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Tuesday, September 30, 2014 | Last updated: 10:55am

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La traviata Opera Review

What a wonderful night at the opera. Sure it has its stigmas, but when you actually get settled in for a two and a half hour performance of un-amplified students belting out Italian it all becomes far more impressive and engaging than impenetrable. All around La traviata’s third night was superb, mixing in stellar lead performances, a lovely but subdued set design, and some of the catchiest music you’ve never heard before for a supremely satisfying experience.

While La traviata was technically my first opera, I’d been told by two of the leads in an interview for the Wildcat Weekend that this particular piece is a perfect opera for the uninitiated to see. It turned out to be an apt prediction. I was hooked from the first act, a downright spectacle veering seamlessly between gigantic crowd/chorus scenes and intimate romantic moments played breathtakingly by leads Yunni Park (playing Violetta) and Humberto Borboa Beltran (playing Alfredo). Park shined throughout, proving herself quite capable of playing both the loving giddiness of Violetta as well as her darker moments. The vocal range required to play Violetta is astounding, and there was scarcely a moment where Park didn’t sound totally in control of her voice. The staging from artistic director Charles Roe enhanced the tenderness of the Violetta/Alfredo scenes, with stunning blocking that brought the large supporting cast off and on stage several times. While Park’s Violetta and Beltran’s Alfredo were clearly stars of the show, credit must be given to the cast at large for propelling their voices so pointedly throughout Crowder Hall. The music written for La traviata by Giuseppe Verdi is wide-ranging, at once familiar in its scales and melodies yet infinitely fascinating to someone not terribly familiar with the music beforehand. Yet no matter how complex the orchestra’s playing became, there was almost always synchronicity between those on stage and those in the pit, all players involved coming together to put on an amazing show.

In addition to the lead performances and the orchestra, this performance of La traviata also made exacting use of its set and costuming, both of which made the show all the more engaging. Each of the four acts featured various combinations of beautifully constructed doors with elaborate frames, not too gaudy but elegant enough to successfully conjure up the opera’s Paris, 1850s setting. Together with the lighting, the stripped down stage arrangement often presented a nice counterpoint to the action of the opera, such as the rich dark blues of the backdrop in Act 4 that, when revealed when a character opens one of the free-standing doors, reflects the grim storm afoot in the heart and failing health of Violetta.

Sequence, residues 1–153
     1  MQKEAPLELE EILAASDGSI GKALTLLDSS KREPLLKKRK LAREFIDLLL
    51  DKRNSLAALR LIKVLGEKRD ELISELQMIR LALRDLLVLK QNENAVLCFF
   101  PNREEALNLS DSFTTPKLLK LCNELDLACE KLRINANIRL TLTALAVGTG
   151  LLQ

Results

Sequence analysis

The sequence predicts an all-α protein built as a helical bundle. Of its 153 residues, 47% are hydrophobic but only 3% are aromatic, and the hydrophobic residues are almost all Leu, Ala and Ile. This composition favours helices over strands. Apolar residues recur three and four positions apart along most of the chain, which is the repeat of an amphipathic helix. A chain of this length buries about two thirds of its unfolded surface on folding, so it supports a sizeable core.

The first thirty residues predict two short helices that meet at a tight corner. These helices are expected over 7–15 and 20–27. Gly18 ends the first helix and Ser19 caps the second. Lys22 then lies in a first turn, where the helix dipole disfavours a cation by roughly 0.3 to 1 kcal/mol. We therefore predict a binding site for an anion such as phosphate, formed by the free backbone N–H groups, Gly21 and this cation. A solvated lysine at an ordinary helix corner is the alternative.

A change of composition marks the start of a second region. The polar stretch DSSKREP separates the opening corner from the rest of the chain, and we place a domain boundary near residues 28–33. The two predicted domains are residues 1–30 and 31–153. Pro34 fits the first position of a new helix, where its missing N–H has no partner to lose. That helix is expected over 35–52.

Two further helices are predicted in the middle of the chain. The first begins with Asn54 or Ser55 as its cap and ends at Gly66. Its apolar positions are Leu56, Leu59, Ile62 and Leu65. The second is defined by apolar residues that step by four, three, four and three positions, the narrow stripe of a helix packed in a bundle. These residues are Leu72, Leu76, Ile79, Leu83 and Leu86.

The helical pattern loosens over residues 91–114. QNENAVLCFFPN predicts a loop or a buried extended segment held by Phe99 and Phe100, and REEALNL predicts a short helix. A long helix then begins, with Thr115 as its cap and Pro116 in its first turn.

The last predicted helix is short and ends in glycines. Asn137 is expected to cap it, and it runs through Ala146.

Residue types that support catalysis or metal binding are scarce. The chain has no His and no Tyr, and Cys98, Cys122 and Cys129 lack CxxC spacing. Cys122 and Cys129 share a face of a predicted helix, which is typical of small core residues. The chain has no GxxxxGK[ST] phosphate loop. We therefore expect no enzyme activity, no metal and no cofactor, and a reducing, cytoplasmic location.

The party scenes of Acts 1 and 3 featured similarly restrained set design, prominently featuring the doors and a few key pieces of furniture such as antique tables and wine glasses strewn about the stage. What truly made these two acts pop was the costuming, with design for that being credited in the playbill to Christopher Allen. From Violetta’s stunning dress as she falls in love with Alfredo to the wild fashions of the visiting gypsies and Spanish matador in Act 3, the costumes were designed with precision and flair enough to warrant their own section in this review. Truly some of the more spectacular work I’ve seen from a production on campus.

Overall La traviata landed in a way I might not have anticipated. Now that I’ve been fully immersed in the opera I can confidently say it’s a thrilling thing to experience live, an event in every sense of the word. There’s nothing quite like sitting the back of a medium-sized auditorium like Crowder Hall and hearing the haunting melodies of your peers reverberating around you on all sides. Sure you could go to the movies and see the Met’s recording of a show, but live opera is undoubtedly one of the more affecting art forms you’re going to find. The U of A is fortunate to have a program as clearly talented as this one.


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